Supplement B: SARS Surveillance
Public Health Guidance for Community-Level Preparedness and Response to Severe Acute Respiratory Syndrome (SARS) Version 2/3
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- Maximize early detection of cases and clusters of respiratory infections that might signal the re-emergence of SARS-CoV disease while minimizing unnecessary laboratory testing, concerns about SARS-CoV, implementation of control measures, and social disruption.
- If SARS-CoV transmission recurs, maintain prompt and complete identification and reporting of potential cases to facilitate outbreak control and management.
- Identify and monitor contacts of cases of SARS-CoV disease to enable early detection of illness in persons at greatest risk.
- The early clinical features of SARS-CoV disease are not specific enough to reliably distinguish it from other respiratory illnesses.
- Risk of exposure is key to considering the likelihood of a diagnosis of SARS-CoV disease.
- Most patients with SARS-CoV disease have a clear history of exposure to another SARS patient or to a setting where SARS-CoV transmission is occurring.
- SARS-CoV transmission is usually localized and often limited to healthcare settings or households.
- A cluster of atypical pneumonia in healthcare workers may indicate undetected
- SARS-CoV transmission.
- In a setting of extensive SARS-CoV transmission, the possibility of SARS-CoV disease should be considered in all persons with a fever or lower respiratory illness, even if an epidemiologic link cannot be readily established.
- Up-to-date information on the transmission of SARS-CoV globally is needed to accurately assess exposure risks.
- Contact tracing is resource intensive yet critical to containment efforts as it allows early recognition of illness in persons at greatest risk.
- Frequent communication among public health officials and healthcare providers, real-time analysis of data, and timely dissemination of information are essential for outbreak management.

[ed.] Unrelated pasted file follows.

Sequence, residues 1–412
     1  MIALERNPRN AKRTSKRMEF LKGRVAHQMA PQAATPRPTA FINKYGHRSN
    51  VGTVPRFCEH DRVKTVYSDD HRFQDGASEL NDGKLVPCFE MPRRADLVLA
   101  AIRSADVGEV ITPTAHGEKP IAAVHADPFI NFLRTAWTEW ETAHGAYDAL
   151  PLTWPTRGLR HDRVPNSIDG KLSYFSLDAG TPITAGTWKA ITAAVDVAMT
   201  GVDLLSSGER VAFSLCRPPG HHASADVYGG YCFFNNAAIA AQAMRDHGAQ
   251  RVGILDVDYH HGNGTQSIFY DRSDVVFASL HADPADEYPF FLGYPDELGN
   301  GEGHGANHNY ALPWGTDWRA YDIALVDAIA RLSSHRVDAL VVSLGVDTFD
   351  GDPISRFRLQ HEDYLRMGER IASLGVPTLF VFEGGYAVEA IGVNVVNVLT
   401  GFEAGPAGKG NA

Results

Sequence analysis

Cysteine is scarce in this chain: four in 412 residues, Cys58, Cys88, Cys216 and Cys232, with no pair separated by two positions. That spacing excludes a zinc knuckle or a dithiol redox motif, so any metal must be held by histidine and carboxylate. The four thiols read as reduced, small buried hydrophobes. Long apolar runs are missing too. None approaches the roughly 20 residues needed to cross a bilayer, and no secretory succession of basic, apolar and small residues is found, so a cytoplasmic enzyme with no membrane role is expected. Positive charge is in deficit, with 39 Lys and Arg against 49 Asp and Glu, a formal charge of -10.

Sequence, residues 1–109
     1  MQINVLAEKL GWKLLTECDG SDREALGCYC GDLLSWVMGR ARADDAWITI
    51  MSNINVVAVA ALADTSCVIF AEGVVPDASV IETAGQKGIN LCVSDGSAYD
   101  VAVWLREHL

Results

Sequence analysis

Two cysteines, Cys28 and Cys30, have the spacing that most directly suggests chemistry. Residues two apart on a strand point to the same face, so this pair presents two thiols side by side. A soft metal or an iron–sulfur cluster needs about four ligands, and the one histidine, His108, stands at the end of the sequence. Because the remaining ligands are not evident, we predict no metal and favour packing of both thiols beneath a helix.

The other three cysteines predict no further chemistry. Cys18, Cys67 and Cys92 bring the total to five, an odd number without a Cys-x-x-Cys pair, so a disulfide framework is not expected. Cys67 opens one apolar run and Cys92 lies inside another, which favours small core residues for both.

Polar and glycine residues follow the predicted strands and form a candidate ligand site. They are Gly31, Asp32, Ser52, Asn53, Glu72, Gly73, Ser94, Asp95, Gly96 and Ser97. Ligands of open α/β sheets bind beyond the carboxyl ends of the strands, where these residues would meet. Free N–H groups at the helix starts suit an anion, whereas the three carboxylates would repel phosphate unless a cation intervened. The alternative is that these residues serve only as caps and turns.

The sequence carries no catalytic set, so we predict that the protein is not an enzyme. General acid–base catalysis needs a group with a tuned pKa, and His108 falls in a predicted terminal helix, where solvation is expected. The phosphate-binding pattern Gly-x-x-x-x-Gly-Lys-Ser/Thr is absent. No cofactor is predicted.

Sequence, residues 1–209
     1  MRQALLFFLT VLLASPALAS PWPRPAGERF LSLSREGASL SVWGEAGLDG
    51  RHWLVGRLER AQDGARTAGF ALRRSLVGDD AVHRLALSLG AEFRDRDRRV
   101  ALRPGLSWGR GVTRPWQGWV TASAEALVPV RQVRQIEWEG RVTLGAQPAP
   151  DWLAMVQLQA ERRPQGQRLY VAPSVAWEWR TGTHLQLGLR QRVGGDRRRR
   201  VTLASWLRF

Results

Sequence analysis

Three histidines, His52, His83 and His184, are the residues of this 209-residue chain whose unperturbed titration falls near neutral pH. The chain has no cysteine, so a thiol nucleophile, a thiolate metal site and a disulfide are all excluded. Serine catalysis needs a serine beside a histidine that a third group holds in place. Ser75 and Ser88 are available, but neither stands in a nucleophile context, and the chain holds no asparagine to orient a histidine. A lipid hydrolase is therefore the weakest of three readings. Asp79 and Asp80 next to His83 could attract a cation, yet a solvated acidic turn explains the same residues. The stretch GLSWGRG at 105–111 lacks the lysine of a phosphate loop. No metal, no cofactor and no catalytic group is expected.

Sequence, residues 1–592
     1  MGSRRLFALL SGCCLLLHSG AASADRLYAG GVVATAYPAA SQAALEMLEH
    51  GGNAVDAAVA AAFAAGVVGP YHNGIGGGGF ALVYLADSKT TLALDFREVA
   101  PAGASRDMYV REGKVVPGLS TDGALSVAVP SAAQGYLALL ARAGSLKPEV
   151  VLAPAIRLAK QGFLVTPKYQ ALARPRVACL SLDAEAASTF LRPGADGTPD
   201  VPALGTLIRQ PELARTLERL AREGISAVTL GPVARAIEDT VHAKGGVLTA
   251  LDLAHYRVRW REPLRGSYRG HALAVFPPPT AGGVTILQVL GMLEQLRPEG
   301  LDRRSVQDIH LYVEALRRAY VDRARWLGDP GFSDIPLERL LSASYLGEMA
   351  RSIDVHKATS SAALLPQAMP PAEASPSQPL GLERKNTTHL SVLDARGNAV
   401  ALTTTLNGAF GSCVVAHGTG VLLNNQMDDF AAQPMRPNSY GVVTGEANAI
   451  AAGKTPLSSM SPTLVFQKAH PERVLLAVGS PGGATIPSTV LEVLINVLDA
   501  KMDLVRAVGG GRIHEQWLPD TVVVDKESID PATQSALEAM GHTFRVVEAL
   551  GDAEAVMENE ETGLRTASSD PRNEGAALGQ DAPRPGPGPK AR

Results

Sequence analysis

- Swift action to contain disease should be initiated when a potential case is recognized, even though information sufficient to determine case status may be lacking.
- Educate clinicians and public health workers on features that can assist in early recognition of SARS and on guidelines for reporting SARS-CoV cases.
- Develop tools to identify, evaluate, and monitor contacts of SARS-CoV patients.
- Establish an efficient data management system that links clinical, epidemiologic and laboratory data on cases of SARS-CoV disease and allows rapid sharing of information.
- Identify surge capacity for investigation of cases and identification, evaluation, and monitoring of contacts in the event of a large SARS outbreak.
- I. Rationale and Goals
- II. Lessons Learned
- III. SARS-CoV Disease: Case Definition and Status as a Nationally Notifiable Disease
- IV. Plan for Surveillance of Cases of SARS-CoV Disease
- V. Reporting of Cases of SARS-CoV Disease
- VI. Plan for Surveillance of Contacts of SARS Case
- VII. Information Management
- Appendix B1: Revised CSTE SARS Surveillance Case Definition
- Appendix B2: SARS Domestic Case Reporting Form Cdc-pdf[12 pages] [PDF - 341K]
View Page In:Cdc-pdf PDF [244K]
Page last reviewed: May 3, 2005